The old adage of “strength in numbers” holds true for authors. Feedback will undoubtedly strengthen a book, which is why successful authors seek feedback at every stage of book development. It will help the author create a book that is clear, rich, and more enjoyable for readers. No one wants to hear that their writing needs work, but collecting and adapting to feedback will make you a stronger writer and help you transform your book into a masterpiece that’s worthy of publishing.
One problem that authors experience when they go to edit is that they’re too familiar with their work to see it objectively. A writer spends hours immersed in the weeds of their book while planning, outlining, writing, and rewriting. This repeated exposure can keep authors from seeing the big-picture flaws in their books. Feedback from trusted teachers, editors, peers, and beta readers can help authors gain new and fresh perspective. Often, this feedback will uncover big issues and inconsistencies that the writer didn’t notice.
Another problem is that authors often have good ideas but lack the knowledge and experience they need to write solid, well-executed books. Their books are riddled with repetition, unnecessary descriptions, inactive verbs, and bland nouns. The structure may not be drawing in the reader the way the author wishes, or the characterization may need some tweaking. Their manuscripts may be full of misspellings, grammar errors, and incorrect punctuation. But writers aren’t always editors, so just because you lack some of the knowledge doesn’t mean you can’t write a book. Opening up to editorial feedback will go a long way in helping authors achieve professional grade work.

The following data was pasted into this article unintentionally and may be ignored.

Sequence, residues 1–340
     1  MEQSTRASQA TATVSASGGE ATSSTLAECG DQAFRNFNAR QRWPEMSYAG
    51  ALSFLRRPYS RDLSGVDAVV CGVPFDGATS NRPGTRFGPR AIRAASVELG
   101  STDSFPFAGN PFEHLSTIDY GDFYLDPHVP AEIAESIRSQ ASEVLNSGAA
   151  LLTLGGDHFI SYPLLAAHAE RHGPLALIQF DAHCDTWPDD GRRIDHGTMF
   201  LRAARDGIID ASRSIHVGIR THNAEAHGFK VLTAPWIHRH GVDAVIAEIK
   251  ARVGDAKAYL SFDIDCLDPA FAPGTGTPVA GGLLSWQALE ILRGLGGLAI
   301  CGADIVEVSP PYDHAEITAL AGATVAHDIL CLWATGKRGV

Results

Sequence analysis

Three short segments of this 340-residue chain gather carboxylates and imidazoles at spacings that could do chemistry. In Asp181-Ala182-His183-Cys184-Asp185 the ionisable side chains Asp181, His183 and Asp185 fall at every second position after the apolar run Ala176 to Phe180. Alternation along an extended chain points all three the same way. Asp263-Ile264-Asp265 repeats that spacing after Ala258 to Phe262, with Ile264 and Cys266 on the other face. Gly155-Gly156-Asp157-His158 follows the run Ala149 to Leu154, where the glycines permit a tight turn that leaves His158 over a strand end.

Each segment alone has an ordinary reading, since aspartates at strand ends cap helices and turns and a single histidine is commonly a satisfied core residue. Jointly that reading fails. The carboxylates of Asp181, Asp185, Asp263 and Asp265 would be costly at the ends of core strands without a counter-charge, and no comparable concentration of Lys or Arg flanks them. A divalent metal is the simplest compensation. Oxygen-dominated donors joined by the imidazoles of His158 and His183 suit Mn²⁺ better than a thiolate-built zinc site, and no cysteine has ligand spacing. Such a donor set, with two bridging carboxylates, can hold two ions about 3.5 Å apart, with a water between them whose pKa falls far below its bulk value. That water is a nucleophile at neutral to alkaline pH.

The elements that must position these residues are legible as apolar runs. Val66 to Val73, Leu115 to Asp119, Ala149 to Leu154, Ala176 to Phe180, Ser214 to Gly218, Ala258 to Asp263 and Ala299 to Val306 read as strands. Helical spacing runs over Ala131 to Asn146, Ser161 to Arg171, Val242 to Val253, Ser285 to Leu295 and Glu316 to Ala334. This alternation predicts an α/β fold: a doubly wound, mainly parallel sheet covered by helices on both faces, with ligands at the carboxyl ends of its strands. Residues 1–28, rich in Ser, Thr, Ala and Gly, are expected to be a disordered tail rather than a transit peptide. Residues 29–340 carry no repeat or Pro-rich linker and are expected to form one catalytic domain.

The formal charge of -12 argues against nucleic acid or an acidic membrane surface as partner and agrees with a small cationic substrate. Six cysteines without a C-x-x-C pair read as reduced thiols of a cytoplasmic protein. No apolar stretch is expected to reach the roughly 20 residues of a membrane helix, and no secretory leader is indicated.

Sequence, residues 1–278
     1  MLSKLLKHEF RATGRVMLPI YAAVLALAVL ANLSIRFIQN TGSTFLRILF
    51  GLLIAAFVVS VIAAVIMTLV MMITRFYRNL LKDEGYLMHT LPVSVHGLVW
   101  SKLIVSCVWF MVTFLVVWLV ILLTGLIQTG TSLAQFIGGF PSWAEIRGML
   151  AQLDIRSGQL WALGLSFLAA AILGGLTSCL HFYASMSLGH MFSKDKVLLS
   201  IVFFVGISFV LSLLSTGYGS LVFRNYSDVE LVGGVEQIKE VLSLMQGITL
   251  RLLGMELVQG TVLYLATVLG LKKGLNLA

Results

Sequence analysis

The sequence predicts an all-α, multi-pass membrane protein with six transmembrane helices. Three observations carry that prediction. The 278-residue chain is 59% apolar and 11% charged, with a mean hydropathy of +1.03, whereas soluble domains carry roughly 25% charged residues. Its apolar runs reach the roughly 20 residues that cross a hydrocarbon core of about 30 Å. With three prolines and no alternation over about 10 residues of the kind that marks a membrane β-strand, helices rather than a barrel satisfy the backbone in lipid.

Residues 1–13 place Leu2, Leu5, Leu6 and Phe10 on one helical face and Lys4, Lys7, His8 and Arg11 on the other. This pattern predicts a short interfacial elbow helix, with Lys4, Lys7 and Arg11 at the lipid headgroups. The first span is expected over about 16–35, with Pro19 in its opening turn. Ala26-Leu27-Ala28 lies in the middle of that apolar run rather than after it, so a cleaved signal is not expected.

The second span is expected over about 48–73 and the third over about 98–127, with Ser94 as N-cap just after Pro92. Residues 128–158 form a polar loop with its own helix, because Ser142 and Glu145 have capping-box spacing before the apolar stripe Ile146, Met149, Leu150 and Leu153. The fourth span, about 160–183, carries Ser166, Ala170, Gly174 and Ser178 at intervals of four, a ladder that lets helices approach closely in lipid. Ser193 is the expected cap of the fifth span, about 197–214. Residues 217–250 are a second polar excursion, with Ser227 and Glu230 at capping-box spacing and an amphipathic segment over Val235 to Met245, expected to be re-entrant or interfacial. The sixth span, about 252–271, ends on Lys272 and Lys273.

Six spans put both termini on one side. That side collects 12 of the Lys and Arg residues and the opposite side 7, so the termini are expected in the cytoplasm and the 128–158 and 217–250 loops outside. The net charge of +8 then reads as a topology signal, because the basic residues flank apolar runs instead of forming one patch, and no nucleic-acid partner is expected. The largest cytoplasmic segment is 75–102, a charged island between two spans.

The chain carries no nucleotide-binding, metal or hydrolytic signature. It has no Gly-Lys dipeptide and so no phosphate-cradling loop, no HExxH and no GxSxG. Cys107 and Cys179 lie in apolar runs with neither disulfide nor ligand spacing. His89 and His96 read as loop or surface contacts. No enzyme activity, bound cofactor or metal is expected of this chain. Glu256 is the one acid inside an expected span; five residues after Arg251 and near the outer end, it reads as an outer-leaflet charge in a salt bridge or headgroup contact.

Seeking feedback can also bring credibility to your work. When you listen to the suggestions of publishing professionals or get feedback from successful published authors, you are receiving expert advice and connecting yourself to the wider publishing network. Getting professionals and mentors on your team may lead to endorsements and reviews in the future. Many readers get their recommendations from their favorite authors or editors, because they have learned to trust those professionals and their opinions. Getting this feedback and fostering these relationships can go a long way in gaining credibility for yourself as an author.
Ultimately, feedback will make you a better writer. It will help you to think of your book from a potential reader’s perspective and look at it from the point of view of a consumer rather than a writer. Seeking reactions to your product is a means of improvement, and it will eventually help you compete in bigger arenas. It can only help you get better. Without a feedback, your book might languish in the bargain bin at the bookstore. With it, you may achieve international acclaim.
I wish you had the WordPress link I’d post it on my blog. I will tag on my twitter
It seems to be a good discussion by the way on some good topics so far covered. As blogs suggests group discussion always makes thing better and reveal the new concepts of any particular topic.
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